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False Pilgrims

(984 words)

Author(s): Martin Leigh Harrison
In an era that considered almost any sort of spiritual travel, literal or figurative, to be a pilgrimage, it is hard to imagine what a false pilgrim could be. Early modern reformers such as Desiderius Erasmus, Martin Luther, and Thomas More were quick to call pilgrimages 'false,' given the distasteful adoration of relics and pecuniary benefit to shrines that such journeys seemed to entail, solidifying into a more widespread view the unease with which some in the Middle Ages had viewed pilgrimage…

St Giles

(905 words)

Author(s): Martin Leigh Harrison
Though the date ranges given for the life of Saint Giles do not coincide with those of various historical figures mentioned in his vita, tradition fixes the date of his death to the first day of September in an unknown year -- perhaps in the seventh century -- in present-day France. Giles was said to have been born of noble stock, however, in Athens, where, according to the Legenda Aurea, he was raised in the Christian faith and demonstrated a life of miraculous holiness from a comparatively early age. Wishing to separate himself from the world following the deat…

Cluniac Promotion of Pilgrimage

(965 words)

Author(s): Martin Leigh Harrison
Monks belonging to the Benedictine Order, as at the monastery of Cluny (est. c. 910) represented the widest attested form of regular (or rule-based) religious life in the Latin West. The rule under which the order chose to operate (set down by Benedict of Nursia, abbot of Monte Cassino in the sixth century) made firm provisions for almost all aspects of monks’ daily spiritual and practical lives, including travel. It explicitly enjoined them to maintain stabilitas loci - a concept to which the idea of pilgrimage might seem antithetical - avoiding the emulation of those …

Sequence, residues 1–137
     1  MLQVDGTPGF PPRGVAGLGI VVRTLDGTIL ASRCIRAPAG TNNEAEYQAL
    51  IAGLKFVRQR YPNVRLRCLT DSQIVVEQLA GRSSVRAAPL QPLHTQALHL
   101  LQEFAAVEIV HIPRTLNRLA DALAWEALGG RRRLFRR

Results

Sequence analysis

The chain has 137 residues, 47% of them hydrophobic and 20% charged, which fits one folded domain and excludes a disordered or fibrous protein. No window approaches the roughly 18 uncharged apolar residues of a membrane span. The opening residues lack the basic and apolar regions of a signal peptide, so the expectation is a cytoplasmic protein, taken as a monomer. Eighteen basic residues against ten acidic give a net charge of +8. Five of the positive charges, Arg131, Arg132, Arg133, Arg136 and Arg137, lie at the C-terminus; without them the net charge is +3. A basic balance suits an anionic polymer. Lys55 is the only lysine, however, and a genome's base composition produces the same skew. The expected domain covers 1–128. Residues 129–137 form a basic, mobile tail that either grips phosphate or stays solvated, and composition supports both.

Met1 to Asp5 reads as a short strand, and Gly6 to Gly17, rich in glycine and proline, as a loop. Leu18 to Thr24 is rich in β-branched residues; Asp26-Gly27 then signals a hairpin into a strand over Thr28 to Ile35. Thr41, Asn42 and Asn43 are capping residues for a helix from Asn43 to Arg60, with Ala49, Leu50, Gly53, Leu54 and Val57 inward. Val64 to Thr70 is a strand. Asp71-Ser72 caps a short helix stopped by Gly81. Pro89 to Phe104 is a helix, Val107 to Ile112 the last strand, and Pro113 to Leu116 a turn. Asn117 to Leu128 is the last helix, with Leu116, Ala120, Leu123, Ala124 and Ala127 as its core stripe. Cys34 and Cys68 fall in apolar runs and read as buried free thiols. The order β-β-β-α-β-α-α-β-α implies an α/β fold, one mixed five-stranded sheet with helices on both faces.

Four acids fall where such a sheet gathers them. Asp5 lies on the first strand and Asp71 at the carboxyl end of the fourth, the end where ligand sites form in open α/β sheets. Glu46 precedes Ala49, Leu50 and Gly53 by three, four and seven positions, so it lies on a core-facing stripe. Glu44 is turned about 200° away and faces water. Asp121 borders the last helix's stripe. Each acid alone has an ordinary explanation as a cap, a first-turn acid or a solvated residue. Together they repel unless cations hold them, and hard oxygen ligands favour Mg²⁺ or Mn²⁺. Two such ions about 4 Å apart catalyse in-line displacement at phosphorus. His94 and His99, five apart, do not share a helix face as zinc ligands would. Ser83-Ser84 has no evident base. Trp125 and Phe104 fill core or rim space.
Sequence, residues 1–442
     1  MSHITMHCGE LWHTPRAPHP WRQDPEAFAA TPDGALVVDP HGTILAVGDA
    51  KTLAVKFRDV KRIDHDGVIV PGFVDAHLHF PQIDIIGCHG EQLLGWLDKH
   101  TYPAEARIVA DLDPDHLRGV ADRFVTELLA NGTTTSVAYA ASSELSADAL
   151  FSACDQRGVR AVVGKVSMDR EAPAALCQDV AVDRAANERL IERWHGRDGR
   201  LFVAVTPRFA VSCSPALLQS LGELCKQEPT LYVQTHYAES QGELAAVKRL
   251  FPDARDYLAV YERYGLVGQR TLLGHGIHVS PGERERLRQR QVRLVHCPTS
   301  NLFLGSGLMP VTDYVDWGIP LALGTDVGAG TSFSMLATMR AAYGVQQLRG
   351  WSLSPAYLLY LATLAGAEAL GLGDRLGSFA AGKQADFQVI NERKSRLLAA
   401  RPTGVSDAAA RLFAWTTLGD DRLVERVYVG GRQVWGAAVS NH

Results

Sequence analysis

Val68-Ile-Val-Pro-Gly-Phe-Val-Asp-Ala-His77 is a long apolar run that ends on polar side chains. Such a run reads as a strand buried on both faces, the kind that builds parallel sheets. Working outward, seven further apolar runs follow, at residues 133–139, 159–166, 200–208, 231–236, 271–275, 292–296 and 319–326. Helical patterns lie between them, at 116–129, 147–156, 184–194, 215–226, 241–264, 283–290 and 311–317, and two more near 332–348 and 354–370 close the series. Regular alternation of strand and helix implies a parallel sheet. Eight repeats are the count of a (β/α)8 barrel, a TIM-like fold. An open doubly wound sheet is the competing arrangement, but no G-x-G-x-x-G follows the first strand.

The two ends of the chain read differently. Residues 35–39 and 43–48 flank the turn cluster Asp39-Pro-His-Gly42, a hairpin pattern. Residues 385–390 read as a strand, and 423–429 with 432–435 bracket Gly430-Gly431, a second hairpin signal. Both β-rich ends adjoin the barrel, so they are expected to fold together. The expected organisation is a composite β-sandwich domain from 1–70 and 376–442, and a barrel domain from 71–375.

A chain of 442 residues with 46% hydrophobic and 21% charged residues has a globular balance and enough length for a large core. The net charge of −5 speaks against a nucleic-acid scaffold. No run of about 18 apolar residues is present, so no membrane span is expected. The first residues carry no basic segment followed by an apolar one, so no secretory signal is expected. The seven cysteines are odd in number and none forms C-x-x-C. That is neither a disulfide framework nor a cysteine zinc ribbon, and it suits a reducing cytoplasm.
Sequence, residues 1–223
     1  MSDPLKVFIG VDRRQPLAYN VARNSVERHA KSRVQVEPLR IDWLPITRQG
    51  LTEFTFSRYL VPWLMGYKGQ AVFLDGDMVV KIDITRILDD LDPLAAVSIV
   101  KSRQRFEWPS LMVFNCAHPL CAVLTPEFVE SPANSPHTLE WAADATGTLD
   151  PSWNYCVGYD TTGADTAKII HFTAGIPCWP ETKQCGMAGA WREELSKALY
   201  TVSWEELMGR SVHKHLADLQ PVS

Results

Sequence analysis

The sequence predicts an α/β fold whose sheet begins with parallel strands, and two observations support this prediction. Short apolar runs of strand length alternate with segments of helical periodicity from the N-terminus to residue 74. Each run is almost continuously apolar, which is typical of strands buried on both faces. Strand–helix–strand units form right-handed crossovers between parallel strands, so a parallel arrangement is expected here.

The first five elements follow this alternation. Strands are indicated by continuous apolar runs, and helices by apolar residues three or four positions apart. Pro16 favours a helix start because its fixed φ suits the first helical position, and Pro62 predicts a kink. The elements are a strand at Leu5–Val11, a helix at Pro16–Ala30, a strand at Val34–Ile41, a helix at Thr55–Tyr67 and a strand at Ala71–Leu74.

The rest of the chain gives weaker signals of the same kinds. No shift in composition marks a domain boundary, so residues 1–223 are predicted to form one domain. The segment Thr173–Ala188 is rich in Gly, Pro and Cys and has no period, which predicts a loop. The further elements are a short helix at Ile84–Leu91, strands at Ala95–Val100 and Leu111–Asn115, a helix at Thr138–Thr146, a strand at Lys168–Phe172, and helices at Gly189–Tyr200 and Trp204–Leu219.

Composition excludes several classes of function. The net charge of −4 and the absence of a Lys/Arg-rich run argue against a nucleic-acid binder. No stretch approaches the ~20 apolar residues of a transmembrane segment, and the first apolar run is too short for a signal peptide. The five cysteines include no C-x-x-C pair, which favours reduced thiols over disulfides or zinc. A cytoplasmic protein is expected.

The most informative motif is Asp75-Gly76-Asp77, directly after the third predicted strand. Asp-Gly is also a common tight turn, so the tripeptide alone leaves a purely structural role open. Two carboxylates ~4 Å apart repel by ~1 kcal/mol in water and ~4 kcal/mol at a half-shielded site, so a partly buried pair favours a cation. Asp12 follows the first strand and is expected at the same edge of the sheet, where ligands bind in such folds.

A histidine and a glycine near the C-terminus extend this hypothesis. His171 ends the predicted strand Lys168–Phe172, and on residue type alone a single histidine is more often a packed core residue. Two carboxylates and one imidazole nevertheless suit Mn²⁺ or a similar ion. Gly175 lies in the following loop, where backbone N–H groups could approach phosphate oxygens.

Palmer

(1,410 words)

Author(s): Martin Leigh Harrison
There is some confusion in a previous era’s scholarship, and silence from much contemporary scholarship, as to whether 'palmer' is a common or a proper noun (as is the case with many categories of person in the Middle Ages). Yet from the current vantage point, at least, 'palmers' seem not to deserve a coherent group identity. Sidney Heath’s 1911 claim that palmers were "a class of foreign pilgrim" (in a brief discussion borrowing almost word-for-word without attribution from Thomas Staveley’s virulently anti-Catholic Romish Horseleech of 1674) should not imply a solid, permane…

Penitential Pilgrimage

(1,366 words)

Author(s): Martin Leigh Harrison
The imposition of pilgrimage for the expiation of sins is thought to date from approximately the sixth century, coinciding with Irish innovations in penitential practice. Penitential pilgrimages nonetheless align (if they do not overlap) with far earlier Christian custom, in so far as the rigorous and non-repeatable ascesis originally directed by the Church for penitent sinners amounted to at least a conceptual distancing from the larger community. Scholastic thinkers and ecclesiastical figures during the High Middle Ages considered penitent…